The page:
Diversity can help combat vaccine hesitancy
When I told my parents, I would be receiving the COVID-19 vaccine, they were concerned. Many rumors had been circulating about the dangers of the vaccine. “mRNA alters your DNA”, “the vaccine makes black people sterile” “it is dangerous”. These rumors were often accompanied by a sufficient dose of pseudoscience that made for a persuasive argument. So, despite the fact that my mom is a nurse and my dad has an MBA, the nature in which these rumors were presented was compelling enough to make them feel uneasy. Hesitancy to the COVID-19 vaccine has been widespread in many countries of the world. In the United States many are still uncertain about the safety and efficacy of the vaccine. However, as more people get vaccinated others are beginning to feel more comfortable with the idea of getting the COVID shot. Once I sent my parents some scientific articles and videos explaining how the mRNA vaccine works, they felt more at ease and have even gotten the vaccine too. Dismantling vaccine hesitancy can be complicated because there many different factors that drive it depending on the community involved. For some skepticism is driven by religious beliefs, for others it is a distrust of the relationship between capitalism and the medical establishment. Yet for others in minority communities the distrust of science and healthcare is built on a foundation of the cruel and exploitative deception of the past. Experiments such as the “Tuskegee study” which for 40 years deliberately withheld readily available treatment from black men as they died of syphilis in record numbers have become “go-to” tales of warning among some black people. Representation can play a role in rebuilding this broken trust.
In April 2003 the human genome project which started back in 1990 was finally completed. The results challenged previously held societal consensus on race. Contrary to was previously assumed, the findings for example, suggested that I as an African American could have more in common genetically to someone of a different race than with another individual of my own race. It showed that biologically there is no uniform identity per se because of variation among individuals and even populations. In order words, we are all more alike than we are different, and our superficial appearances are just that – superficial. However, this hasn’t changed the interactions between the healthcare system and some racial minority groups. Implicit biases among health care providers towards racial minorities like African Americans still persist as does distrust from some minority groups towards receiving health care. Diversity and representation can be a useful tool in bridging this gap among African Americans. The fact that Dr. Kizzmekia Corbett a black Immunologist was a part of the team of scientists that designed the moderna mRNA vaccine for COVID-19 was reassuring for some people of color. Dr. Corbett did not stop there, she has since been a champion of dismantling vaccine hesitancy. Recently in February 2021 she spent time with black communities touting the benefits of the COVID-19 vaccine in churches and community gatherings. In a similar fashion, Sandra Lindsay a black nurse at the Long Island Jewish medical center in Queens, NY was the first person to receive the vaccine in the United States. The positive impact made when qualified members of a minority community not only talk about the benefits of vaccines but publicly demonstrate the efficacy and safety cannot be overstated.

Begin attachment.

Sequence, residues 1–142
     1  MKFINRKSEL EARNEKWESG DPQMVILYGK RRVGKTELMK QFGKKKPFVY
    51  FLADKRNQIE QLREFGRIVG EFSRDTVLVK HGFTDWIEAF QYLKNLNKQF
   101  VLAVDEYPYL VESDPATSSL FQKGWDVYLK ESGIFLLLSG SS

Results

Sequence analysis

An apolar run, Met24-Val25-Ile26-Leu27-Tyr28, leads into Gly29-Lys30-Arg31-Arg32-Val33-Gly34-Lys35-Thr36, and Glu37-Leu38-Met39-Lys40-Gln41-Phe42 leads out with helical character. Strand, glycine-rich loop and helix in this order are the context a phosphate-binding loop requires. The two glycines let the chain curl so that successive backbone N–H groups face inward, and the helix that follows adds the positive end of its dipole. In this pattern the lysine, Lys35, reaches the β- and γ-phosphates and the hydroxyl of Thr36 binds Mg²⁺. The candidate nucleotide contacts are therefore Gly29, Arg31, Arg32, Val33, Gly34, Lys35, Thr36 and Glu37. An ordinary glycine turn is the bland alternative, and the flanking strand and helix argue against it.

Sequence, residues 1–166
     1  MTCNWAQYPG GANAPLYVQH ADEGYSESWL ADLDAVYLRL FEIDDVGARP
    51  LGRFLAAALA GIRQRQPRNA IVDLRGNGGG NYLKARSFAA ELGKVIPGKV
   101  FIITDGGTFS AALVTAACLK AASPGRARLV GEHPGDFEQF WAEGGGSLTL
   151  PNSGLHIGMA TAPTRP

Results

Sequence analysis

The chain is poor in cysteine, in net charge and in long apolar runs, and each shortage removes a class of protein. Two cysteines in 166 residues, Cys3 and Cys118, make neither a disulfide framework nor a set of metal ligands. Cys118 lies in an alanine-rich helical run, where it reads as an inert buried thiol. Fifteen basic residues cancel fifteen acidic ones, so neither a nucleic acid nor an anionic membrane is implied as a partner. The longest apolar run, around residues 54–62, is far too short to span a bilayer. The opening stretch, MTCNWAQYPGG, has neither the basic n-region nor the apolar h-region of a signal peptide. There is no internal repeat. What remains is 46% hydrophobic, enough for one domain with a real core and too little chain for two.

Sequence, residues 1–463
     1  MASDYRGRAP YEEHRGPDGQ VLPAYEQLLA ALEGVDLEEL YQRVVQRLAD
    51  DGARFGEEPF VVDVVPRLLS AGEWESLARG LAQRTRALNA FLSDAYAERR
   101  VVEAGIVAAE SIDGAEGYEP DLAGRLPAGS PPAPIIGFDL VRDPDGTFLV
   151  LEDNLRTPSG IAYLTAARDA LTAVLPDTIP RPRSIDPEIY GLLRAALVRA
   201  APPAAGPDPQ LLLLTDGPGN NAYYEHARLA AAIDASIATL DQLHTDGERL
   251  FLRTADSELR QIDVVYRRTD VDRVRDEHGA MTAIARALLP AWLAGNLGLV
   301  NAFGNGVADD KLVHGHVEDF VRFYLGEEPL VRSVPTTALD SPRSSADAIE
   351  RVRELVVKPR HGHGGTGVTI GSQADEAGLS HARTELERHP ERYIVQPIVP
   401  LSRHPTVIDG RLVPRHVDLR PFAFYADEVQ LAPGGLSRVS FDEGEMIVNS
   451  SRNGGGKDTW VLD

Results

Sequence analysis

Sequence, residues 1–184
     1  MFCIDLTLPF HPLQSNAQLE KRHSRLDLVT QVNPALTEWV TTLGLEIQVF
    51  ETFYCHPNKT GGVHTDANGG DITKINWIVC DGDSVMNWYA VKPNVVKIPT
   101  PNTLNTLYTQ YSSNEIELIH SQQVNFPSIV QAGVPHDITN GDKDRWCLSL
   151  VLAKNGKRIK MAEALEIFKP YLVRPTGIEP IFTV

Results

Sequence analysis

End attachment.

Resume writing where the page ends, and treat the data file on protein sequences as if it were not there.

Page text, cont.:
Many polls have shown that black people are more distrustful of medical scientists than the average American. However, a recent NPR/PBSNewsHour/Marist survey conducted in March 2021 showed very little difference in vaccine hesitancy between white and black Americans. It is safe to infer that the representation of black people in science might have contributed to bridging this gap. The benefits had when a population is represented within the science and healthcare system that serves it are evident and like many other things the pandemic has shown that.